Use of CRISPR/cas9 gene editing for increased vaccine yields in avian cell lines - Phase 2
Poultry diseases cause devastating economic losses for small-scale livestock farmers globally. Embryonated chicken eggs (ECE) remain the main platform for poultry vaccine production worldwide despite clear limitations. These eggs are generally expensive and mostly imported, thus limiting access to vaccines by smallholder livestock farmers due to high pricing. Equally important are the ethical considerations of using ECE and the significant amount of egg waste that is produced — a critical cost issue, especially for low- and middle-income countries. In addition, ECE supply, especially during avian viral pandemics, is restricted, which reduces the ability to respond to any emerging threat.
Improved cell culture-based vaccine production is now a major alternative for the poultry vaccine industry in general. The objective of this project is to improve viral yields by removing the protective barrier that inhibits the replication of several highly pathogenic animal and human viruses, including Ebola, influenza, and HIV. Following the completion of a successful first phase, this project will advance the research towards a final modified cell line prototype that can attract further industry development and commercialization.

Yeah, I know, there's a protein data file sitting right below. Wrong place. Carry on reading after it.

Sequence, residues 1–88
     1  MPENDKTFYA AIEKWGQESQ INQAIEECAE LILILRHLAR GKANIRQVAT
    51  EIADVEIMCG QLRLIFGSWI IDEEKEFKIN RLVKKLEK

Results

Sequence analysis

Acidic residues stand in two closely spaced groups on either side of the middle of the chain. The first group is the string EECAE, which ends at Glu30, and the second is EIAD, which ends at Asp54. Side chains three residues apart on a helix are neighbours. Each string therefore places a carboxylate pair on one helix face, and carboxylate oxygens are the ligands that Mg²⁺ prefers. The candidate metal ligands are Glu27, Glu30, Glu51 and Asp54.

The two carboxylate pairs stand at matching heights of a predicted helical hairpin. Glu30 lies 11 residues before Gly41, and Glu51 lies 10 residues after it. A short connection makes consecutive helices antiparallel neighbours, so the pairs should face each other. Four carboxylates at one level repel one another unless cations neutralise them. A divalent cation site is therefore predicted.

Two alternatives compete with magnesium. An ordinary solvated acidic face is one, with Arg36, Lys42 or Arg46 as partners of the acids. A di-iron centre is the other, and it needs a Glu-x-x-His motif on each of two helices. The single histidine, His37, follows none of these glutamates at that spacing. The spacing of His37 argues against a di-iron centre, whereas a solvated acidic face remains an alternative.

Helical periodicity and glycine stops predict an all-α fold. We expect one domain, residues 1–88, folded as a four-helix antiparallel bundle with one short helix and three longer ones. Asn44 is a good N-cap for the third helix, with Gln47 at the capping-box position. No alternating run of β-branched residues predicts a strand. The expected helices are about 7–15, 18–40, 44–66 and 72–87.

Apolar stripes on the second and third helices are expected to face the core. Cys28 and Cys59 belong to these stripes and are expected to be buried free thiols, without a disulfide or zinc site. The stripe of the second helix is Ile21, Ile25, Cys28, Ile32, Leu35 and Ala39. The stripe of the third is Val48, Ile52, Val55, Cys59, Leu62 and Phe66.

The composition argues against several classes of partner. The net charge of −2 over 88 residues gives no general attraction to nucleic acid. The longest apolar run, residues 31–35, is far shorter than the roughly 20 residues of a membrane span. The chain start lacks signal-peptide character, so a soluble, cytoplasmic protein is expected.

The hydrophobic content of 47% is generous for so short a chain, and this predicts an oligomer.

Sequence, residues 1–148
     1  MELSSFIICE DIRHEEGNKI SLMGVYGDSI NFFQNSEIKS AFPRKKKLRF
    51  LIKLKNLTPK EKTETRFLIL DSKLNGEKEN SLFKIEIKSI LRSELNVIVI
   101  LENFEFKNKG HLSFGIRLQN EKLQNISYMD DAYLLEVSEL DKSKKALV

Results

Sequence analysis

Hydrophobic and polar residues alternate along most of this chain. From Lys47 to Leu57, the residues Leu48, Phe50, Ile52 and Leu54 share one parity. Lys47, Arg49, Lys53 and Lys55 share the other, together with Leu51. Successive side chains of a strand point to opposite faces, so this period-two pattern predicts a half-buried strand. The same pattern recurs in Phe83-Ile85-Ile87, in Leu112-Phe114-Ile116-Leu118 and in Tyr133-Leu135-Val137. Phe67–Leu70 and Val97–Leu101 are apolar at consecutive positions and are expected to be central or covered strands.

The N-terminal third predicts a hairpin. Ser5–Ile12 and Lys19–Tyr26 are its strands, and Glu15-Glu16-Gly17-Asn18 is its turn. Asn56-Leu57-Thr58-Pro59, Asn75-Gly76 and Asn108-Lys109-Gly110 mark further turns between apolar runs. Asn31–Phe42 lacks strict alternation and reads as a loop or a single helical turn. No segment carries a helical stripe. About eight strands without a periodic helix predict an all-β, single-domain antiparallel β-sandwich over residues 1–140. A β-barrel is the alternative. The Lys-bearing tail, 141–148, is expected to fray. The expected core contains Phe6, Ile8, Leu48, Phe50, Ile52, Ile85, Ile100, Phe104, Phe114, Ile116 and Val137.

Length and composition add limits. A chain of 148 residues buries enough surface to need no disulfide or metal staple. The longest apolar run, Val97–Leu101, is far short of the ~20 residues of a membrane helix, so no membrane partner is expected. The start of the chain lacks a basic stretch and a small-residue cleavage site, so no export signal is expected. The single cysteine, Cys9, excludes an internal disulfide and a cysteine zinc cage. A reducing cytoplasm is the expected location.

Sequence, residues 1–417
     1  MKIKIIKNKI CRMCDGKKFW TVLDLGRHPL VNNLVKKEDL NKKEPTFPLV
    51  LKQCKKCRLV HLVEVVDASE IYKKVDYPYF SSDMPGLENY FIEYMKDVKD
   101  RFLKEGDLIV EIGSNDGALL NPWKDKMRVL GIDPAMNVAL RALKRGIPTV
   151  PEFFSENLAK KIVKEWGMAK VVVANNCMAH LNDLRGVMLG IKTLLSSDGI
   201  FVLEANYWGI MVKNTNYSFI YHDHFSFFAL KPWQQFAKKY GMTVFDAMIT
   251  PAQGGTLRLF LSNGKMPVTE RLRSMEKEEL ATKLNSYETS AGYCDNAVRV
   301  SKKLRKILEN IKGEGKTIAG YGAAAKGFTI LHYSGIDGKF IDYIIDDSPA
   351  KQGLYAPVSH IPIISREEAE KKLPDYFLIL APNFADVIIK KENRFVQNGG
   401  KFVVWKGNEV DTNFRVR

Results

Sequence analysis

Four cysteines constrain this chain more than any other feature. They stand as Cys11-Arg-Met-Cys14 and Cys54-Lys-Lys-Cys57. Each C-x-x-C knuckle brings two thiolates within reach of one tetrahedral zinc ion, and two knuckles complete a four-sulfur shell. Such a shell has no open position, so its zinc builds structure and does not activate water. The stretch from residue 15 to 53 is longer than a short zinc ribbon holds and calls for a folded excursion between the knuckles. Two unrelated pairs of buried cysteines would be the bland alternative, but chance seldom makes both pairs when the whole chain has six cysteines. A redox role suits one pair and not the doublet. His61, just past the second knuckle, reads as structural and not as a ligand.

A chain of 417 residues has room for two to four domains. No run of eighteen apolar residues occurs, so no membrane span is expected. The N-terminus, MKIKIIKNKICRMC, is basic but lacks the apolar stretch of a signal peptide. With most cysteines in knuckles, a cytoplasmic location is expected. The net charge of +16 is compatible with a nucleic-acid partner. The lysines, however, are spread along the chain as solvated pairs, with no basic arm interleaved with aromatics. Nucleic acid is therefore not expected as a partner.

This novel technology could significantly reduce vaccine production costs. Further, it has the potential for application in many other existing vaccine production systems, thus enhancing vaccine availability for a wide range of livestock diseases that are significant for smallholders in developing countries.
This project is supported through the Livestock Vaccine Innovation Fund, a partnership of the Bill & Melinda Gates Foundation, Global Affairs Canada, and IDRC. The Fund represents a joint investment of CA$57 million over five years to support the development, production, and commercialization of innovative vaccines against priority livestock diseases in sub-Saharan Africa, South Asia, and Southeast Asia.